“To be honest, I’ve been sticking to the (player development strategies) I’ve been doing since day one. I do go online now and then when I’m trying to change up my practices, and look for new drills,” said Russ Broadbent, Head Coach of the Midget Centre Hastings Grizzlies.

“I used a lot of Hockey Canada drills from Drill Hub,” said Jordan Johnson, Head Coach of the AAA Major Peewee Ottawa Senators. “I would take a shooting drill, and I would add and manipulate it for a 12-year-old or higher. I think it’s great…and I think it can be used at all levels because you can either buff it up or dumb it down.”

Dealing with Parents
Most of the coaches we talked to agreed that the hardest part about running a modern team is dealing with the parents that have high expectations, and are constantly hounding coaches with negative feedback.

“Dealing with the parents has gotten harder and harder. Everybody thinks their child is better, and going to the show,” said Broadbent.

For coaches, cc’ed email exchanges make it easier for them to communicate with parents in a way that can’t be twisted around on them, replicating an in-person interview with witnesses.

“(Email) helps,” said Johnson. “I would never have an interview with a parent, without another person or two in the room. I would never have a child in the room, and have a meeting with them, without other people around. Why would you put yourself in a situation where your words can be turned on you?”

Johnson also thought that parents would give coaches more breathing room if they understood the plan in place for their child.  

“I think that what parents are looking for, is they want to know practice plans. They want to know developmental plans. They want to know everything that’s going on.”

Hockey Canada created a mobile application called TeamHub that allows coaches to do just that. Coaches can share practice schedules, on-the-fly video, and rink directions with parents in real-time. Unfortunately, the app is so underutilized that development for it has fallen behind the standard for up-to-date mobile operating systems. It didn’t work on my Android device, and it has only been downloaded from the Google Play store 1,000 times. 

None of the team executives or coaches we interviewed were aware of the app’s existence.

The Future of Player Selection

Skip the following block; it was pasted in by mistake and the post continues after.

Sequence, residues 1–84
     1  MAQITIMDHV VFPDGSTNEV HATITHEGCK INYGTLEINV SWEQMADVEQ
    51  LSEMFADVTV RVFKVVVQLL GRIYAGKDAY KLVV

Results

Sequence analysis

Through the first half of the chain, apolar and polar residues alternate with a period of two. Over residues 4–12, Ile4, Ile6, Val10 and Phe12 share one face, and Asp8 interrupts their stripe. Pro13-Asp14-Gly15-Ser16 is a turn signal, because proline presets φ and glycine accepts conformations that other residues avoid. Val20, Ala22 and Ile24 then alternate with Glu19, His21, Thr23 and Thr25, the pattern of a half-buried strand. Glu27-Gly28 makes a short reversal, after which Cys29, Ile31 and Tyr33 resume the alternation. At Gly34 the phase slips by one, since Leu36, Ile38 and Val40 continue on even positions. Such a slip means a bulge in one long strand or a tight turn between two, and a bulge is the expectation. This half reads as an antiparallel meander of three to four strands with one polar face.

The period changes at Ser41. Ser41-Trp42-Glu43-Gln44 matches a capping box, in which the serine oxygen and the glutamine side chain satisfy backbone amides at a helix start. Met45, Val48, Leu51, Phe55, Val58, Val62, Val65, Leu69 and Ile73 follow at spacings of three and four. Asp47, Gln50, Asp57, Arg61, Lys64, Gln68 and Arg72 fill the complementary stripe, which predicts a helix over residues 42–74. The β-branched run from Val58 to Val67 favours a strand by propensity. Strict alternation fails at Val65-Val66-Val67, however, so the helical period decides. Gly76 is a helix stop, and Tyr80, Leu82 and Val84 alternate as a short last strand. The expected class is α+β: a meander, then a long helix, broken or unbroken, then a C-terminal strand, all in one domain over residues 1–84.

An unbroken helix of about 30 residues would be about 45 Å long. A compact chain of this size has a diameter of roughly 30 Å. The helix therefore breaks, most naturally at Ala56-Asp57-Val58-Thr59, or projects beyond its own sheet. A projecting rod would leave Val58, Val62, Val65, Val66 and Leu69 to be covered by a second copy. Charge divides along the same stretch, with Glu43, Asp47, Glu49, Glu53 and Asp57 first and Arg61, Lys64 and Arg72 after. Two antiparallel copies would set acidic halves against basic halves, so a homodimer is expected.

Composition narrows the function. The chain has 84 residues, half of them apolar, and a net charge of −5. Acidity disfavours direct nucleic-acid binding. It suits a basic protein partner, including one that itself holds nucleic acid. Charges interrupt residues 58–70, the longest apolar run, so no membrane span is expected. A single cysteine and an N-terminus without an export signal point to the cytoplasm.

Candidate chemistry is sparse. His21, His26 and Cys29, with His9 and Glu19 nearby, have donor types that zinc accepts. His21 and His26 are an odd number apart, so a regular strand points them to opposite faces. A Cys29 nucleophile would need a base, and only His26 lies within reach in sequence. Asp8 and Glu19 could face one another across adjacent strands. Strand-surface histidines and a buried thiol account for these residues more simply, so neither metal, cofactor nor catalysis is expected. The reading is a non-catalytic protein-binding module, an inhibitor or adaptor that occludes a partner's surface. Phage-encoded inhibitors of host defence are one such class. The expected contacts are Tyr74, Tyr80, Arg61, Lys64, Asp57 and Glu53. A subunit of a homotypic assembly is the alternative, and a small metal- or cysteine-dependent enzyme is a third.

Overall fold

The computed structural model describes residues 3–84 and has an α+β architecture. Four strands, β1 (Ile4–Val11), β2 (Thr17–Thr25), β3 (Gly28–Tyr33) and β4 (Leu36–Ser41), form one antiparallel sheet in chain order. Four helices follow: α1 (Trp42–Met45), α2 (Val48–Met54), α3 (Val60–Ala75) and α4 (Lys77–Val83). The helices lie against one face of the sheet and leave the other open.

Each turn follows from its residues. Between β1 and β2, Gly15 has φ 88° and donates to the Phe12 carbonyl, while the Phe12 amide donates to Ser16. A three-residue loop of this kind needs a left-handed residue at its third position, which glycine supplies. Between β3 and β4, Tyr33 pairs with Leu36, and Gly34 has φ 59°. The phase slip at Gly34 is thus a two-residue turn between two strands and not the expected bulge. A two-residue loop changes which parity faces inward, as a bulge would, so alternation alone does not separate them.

Most of the people we spoke with also agreed that players often lack mental and intangible skills when they get to the midget level. Although they often have well-developed shooting skills, coaches are more often looking for speed and grit to add to their programs.

“We look for a certain type of player. Number one: a speed player. A gritty player that likes to go into the corners and get pucks. We try to teach a system of forecheck, a 2-1-2 type of thing. A 2-3 defensive press. We try to show kids that the more you press the puck, the more opportunity you have to get the puck, because people are going to make mistakes with the puck,” said Mazolli.

In order instil these types of skills at a younger age, Mazolli believes that there needs to be a massive change in how teams are ran – starting with atom-age kids.

“In terms of developing kids, what I think we need to do here in Canada is bring in non-player coaches at a young age, to develop these kids all the way up,” Mazolli explained.

This reflects what is in fact already happening in some of the low-registration house league associations, like Bell Island.

“Most of our coaches start out with their own kids in our initiation program, and they follow them through their whole hockey career,” said Yetman.

However, Mazolli believes a higher-calibre coach can deploy the strategy more effectively. 

“Guys with résumés, guys with HP1s, and stuff like that, to take these kids. Say to them: You’re going to develop this team from minor atom to minor midget – you’ve got them. And I think that way, you’d be able to develop these kids a lot better.”

Bringing Team Operations Into the Present
From managing financial challenges to providing quality hockey experiences, running a minor hockey team is a complex job. Luckily, the growing prevalence of web-based educational resources has afforded minor hockey managers, presidents and coaches alike access to a knowledge base that is growing larger and more accessible every day. 

Although these resources may be less useful to those whose work has informed their creation, they have invaluable potential for young coaches, hockey parents and house leagues. It may take awhile for online resources and mobile apps to make their way into the daily practices of traditional minor hockey associations, but they could solve some of the problems that have grown more acute in recent years—like concussions (see sidebar) and parent communication. 

With problem solving potential like that, even the old-school guys may decide look at their cell phones more often. 

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By Kristopher Bras| April 26, 2017
Categories:  Minor Hockey